With the European Poker Tour (EPT) set to kick off in Deauville, France, in less than two months, the French poker community gets ready for one of the most awaited events of the year.
Built around a 10-day event-heavy schedule, the 10th edition of EPT Deauville will again join forces with PokerStars' national French Poker Series for an event that the organizers are sure will again attract a great number of players.
However, after the recent closure of two poker rooms in Paris — which caused the cancelation of an FPS event in November — and given the fact that EPT Deauville's Main Event has declined from an all-time high of 891 players in 2011 to 671 participants in 2014 , many think that PokerStars may be considering to bring their prestigious event away from the coast of Normandy.
To understand more about the future of the EPT in Deauville and also to discuss more about PokerStars' decision to open to sports betting and online casino games, PokerNews France's Philippe Baret met with the FPS President and Business Development Manager at PokerStars, Cedric Billot.
PokerNews: What is your position at PokerStars today?
Cedric Billot: I take care of a number of live tournaments in Europe. These include the FPS and the EPT in Deauville, Monaco, and Malta, which means that right now I am working on the next three events on the EPT schedule.
Also, I deal with all PokerStars' live events in Italy and Belgium, and I get involved in the overall strategy about live events in Europe.
What do you think about the recent decisions to introduce casino games and sports betting to PokerStars? Should people be concerned that this will have some consequences in the way the brand deals with poker?
Since Amaya Gaming bought PokerStars, our global strategy about live events did not change at all. These tournaments remain one of the key elements of [PokerStars'] marketing operations.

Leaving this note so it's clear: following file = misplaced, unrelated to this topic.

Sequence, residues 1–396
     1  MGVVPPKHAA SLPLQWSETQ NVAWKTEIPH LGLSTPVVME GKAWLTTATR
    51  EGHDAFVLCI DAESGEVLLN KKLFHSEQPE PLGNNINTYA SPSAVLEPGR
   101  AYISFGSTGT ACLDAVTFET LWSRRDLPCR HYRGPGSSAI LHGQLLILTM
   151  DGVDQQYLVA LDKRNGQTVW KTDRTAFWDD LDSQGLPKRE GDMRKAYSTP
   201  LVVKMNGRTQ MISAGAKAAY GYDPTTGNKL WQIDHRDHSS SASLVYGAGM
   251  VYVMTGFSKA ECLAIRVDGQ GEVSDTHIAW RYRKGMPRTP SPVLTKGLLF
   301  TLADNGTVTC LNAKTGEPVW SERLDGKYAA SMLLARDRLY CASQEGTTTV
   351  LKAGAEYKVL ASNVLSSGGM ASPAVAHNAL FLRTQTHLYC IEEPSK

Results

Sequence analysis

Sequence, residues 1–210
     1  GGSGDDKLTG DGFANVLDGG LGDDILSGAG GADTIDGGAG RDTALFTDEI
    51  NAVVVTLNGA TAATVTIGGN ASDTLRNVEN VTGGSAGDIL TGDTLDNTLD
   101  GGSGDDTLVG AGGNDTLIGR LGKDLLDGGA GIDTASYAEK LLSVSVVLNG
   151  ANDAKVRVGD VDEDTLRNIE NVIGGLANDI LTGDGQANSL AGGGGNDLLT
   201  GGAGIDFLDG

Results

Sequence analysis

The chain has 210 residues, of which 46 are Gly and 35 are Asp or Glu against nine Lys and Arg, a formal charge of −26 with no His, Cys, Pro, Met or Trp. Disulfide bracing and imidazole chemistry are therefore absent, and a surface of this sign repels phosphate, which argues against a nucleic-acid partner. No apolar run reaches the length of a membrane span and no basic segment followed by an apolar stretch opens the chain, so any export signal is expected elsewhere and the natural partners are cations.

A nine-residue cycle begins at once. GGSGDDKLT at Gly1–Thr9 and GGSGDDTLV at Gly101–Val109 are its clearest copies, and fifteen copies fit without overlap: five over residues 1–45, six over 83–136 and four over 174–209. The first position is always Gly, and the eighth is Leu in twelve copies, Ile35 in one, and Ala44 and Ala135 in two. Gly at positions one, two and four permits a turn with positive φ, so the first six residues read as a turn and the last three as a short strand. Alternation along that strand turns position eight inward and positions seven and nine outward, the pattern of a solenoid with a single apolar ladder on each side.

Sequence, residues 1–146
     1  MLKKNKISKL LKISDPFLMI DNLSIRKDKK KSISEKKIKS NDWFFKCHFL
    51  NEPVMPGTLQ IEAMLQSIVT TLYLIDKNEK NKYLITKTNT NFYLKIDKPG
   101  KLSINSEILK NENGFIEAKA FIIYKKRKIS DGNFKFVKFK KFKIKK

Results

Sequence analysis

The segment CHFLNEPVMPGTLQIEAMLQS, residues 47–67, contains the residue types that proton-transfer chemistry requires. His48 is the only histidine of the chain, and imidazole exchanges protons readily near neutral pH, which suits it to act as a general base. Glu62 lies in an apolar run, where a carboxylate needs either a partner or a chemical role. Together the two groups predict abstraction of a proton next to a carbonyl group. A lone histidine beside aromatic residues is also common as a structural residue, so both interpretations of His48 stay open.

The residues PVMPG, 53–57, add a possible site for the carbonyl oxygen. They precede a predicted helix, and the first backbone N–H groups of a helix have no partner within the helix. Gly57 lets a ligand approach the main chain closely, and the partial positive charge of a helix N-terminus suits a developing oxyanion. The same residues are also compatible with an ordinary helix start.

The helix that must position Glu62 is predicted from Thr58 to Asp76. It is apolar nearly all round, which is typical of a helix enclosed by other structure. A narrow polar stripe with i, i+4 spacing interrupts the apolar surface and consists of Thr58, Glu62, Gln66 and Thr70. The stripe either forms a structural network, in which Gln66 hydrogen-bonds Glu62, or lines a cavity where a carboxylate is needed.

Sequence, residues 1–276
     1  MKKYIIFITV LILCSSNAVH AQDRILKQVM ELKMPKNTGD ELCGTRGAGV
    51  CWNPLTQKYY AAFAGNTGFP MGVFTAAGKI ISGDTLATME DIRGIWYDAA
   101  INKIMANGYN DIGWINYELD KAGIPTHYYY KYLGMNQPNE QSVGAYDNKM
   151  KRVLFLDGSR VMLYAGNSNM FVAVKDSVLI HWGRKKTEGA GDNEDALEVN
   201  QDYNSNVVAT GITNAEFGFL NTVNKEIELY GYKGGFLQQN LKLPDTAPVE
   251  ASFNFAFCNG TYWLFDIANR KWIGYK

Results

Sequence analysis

The choice to expand the offer of Pokerstars and include sports betting and casino games will help us to bring more players to the online poker tables. While some may think that this decision is in antithesis with the sport values traditionally promoted by PokerStars, we believe that this new strategic approach is important to bring "new blood" to online poker via the new online games that will soon be available.
What about the French live poker scene? Do you foresee any big change coming?
The EPT Deauville will be back in January 2015, and this year we will celebrate its 10th edition. After that, we will evaluate the players’ response, even if today there is very little chance for a second EPT in France. We will keep our eyes open, but let’s face it, the French poker market is not the most dynamic one out there.
Let’s talk about Deauville. Despite the importance the city and the event have for the community, numbers have started to decrease. Do you think the EPT will stay in Deauville in the future?
In fact, all the EPTs are a bit on the spot, if we exclude the few ones that have been crushing for a year or two like Barcelona and Prague. All this considered, to say that Deauville will still be in the European Poker Tour schedule in two, three, or five years from now would not be a 100-percent safe bet.
What’s the recipe for success then, to organize tournaments in big tourist destinations?
It's a combination of different factors. As for Barcelona, we know that there is the sun and that we can also go there with the family and enjoy the place. Destinations like this one are attractive to all budgets.
Prague is the winter equivalent of Barcelona — it is a beautiful city either during the day or at night. If we add to this cocktail that it has a well-served international airport and a lot of cheap flights to get there, then we see why that EPT is a hit.
The Belgian Poker Challenge is being played in Namur these days. What can you tell us about poker in Belgium?
The Belgians are passionate about the game. When you look at the participation in live tournaments, you really see that what they do is wonderful. The casino in Namur has been the first one in the country to offer poker games and, to date, they still consider poker to be an important part of their offer.
This is often not the case in France, where casinos do not do much to welcome poker players because they feel they don’t get enough money out of the game. They may even be right to see things in this way, but this means that they only consider the income that comes directly from poker. Yet, poker can also be a good way to attract new people to casinos.